Facebook launches safety tips as part of anti-bullying week

The Guardian
The theme of this year’s National Anti-Bullying-Week, which starts today, is cyber-bullying. In fact, after name calling cyber-bullying is the most common type of bullying, as a recent study for the Department for Children, Schools and Families revealed. It is an issue has to be taken seriously: 47% of 14-year-olds in the survey reported bullying. Its impact continues as kids get older: 41% of 15-year-olds and 29% of 16-year-olds report facing the problem.

Alongside charities such as Bullying UK, Facebook is taking part in the campaign. Its director of European public policy, Richard Allan, said: “National Anti-Bullying Week is a really important campaign and Facebook takes the issue of cyber-bullying very seriously. It’s a great opportunity for us to communicate to our users about safety. There’s no place for bullies on Facebook.”

Bebo has a site open for teenagers to talk about being bullied and some background tips for parents, while Facebook offers concrete adviceto parents and children, listed below:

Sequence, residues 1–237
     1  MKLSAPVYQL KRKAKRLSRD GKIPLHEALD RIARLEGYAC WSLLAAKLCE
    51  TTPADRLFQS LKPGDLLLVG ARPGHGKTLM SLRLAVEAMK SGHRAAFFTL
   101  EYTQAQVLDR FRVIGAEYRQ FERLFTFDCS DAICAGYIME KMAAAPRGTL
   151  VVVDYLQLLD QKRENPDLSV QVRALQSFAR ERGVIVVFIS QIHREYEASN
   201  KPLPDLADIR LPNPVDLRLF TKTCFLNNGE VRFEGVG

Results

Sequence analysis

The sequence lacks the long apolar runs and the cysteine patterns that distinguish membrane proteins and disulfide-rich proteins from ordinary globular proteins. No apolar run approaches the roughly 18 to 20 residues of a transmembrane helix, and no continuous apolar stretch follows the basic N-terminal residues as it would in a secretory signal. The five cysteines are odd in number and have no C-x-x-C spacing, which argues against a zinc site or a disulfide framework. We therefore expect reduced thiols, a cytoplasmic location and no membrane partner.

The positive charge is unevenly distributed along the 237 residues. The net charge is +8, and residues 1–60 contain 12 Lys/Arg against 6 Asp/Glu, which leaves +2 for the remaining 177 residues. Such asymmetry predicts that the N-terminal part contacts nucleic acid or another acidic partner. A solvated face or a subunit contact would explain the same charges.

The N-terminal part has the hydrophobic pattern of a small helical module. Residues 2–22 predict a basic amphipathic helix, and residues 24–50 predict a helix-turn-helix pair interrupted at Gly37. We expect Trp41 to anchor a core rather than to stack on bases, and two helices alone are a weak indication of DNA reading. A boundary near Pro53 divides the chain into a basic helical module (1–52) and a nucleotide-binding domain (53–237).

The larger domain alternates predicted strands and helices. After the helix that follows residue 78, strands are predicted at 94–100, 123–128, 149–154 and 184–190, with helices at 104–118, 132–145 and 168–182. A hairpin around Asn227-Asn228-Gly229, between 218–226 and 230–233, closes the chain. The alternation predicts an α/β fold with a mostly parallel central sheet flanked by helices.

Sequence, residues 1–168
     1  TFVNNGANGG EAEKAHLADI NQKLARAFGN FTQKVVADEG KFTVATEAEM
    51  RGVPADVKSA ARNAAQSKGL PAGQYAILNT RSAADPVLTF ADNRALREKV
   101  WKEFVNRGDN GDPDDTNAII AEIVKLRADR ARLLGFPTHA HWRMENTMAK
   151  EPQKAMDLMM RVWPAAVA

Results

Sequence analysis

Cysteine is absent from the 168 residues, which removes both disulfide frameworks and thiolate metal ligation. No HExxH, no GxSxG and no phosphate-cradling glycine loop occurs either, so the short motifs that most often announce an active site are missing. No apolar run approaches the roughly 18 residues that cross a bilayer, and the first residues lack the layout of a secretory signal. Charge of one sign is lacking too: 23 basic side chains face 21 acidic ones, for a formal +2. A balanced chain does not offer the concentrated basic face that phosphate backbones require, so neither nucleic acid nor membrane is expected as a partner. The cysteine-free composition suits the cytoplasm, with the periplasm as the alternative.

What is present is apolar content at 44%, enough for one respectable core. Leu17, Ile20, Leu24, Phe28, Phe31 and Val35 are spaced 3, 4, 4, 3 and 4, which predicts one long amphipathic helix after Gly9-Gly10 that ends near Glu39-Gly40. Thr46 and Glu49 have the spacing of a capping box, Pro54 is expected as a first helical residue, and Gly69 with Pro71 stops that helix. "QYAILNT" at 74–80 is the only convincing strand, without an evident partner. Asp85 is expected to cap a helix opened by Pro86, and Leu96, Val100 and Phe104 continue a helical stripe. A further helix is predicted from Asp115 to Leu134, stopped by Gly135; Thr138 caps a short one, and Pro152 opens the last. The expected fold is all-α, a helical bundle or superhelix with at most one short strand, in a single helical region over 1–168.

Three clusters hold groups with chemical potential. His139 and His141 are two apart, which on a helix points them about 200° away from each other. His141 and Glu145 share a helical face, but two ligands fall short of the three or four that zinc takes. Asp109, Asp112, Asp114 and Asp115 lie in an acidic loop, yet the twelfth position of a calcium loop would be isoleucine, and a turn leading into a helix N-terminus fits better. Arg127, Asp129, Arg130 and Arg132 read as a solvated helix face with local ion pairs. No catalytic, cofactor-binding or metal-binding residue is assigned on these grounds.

1. Only accept friends you know
In order to prevent harassment from strangers, only accept friend requests from people you know and report any messages or profiles that look suspicious. Facebook is based on a real name culture, and fake profiles are regularly disabled when they’re reported to us. Only confirmed friends can post to your Walls or contact you via Facebook Chat, so if you’re worried that someone will make inappropriate posts or send offensive messages, you should ignore that person’s request.

2. Stop abusive behavior
A block prevents someone from viewing your profile. If you receive inappropriate or abusive communication, you can block the person by listing his or her name in the “Blocking People” box at the bottom of the privacy page. In addition to blocking, if you receive abusive messages on your wall or via Facebook chat, you can remove the offender from your friend list. Full story.


One Response

  1. We did a legal analysis of this at http://www.fortnightlyreview.info
    This is a big issue, I don’t think any country has a good grip on cyber-bullying or sexting yet

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